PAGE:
Anyone looking at my overweight self would understandably be at least a bit surprised at the idea of me having done a half-marathon once upon a time. While I do have a regular work-out routine – just not hard enough to offset my calorie intake – I have not in fact jogged hardly a single step since that half-marathon. The relationship was this.
Running is a requirement in the Army and the simple fact is, I’m not built well for running, even in my slimmer days. I have always been “curvy” and with being just under five feet tall, my short legs mean I have to take one-and-a-half steps to what a normal person does when running. Like many military members, I developed knee issues which of course one just deals with. Fortunately I wasn’t prone to shin splits, but I did also develop heel spurs which eventually cleared up. Anyway, as I was approaching retirement, one of my intentions was to swap from running to walking or other forms of exercise. However, I had somehow allowed myself to be talked into participating in the annual Kole-Kole Pass half-marathon. For those who remember WW II history, as the bombing attack at Pearl Harbor was underway, so was an attack on aircraft on the other parts of the island. Kole-Kole Pass is part of Schofield Barracks and the Japanese planes came through there. So, not only is it the 13 miles of a half-marathon, it is up and down the mountain. I was quite clear to the group that lured me into this – including my husband – I would jog, but walk up the mountain and they were going to have to hang around the finish line until I managed to make my way. As often is the case, there were festivities at the finish line and my companions said, “No problem.”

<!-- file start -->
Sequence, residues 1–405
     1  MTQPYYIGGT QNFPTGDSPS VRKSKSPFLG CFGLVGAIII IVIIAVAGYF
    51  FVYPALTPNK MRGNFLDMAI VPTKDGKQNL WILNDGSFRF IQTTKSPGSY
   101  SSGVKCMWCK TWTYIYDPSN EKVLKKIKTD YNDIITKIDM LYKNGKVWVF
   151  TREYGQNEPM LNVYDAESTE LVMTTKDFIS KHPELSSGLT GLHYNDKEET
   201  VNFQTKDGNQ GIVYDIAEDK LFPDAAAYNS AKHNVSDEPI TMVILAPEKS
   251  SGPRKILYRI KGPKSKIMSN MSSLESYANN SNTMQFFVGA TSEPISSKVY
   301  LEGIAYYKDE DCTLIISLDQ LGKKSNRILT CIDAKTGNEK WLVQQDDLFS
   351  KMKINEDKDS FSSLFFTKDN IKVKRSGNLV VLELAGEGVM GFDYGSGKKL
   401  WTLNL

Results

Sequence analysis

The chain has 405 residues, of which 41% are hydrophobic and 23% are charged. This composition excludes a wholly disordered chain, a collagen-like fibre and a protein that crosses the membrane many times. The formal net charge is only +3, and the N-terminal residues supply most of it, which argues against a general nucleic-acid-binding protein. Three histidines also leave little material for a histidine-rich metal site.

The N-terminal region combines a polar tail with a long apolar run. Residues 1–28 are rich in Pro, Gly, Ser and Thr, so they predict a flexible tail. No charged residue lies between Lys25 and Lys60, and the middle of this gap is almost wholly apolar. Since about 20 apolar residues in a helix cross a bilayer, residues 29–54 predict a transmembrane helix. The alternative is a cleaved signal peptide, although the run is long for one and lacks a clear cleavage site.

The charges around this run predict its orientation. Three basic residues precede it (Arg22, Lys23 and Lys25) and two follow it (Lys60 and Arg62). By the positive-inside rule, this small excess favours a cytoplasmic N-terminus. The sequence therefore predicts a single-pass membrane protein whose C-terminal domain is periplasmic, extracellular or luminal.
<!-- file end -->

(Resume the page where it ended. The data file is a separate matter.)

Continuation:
At least it was a beautiful day as we set off and I was very quickly passed by lots of people. I admit I wasn’t the last person to cross the line and sure enough, my little group was waving and cheering me on when I did finally arrive. The true muscle aches didn’t fully set in until the next day and I hobbled around for another few days.It was quite the experience and I admire anyone who chooses to do the long races.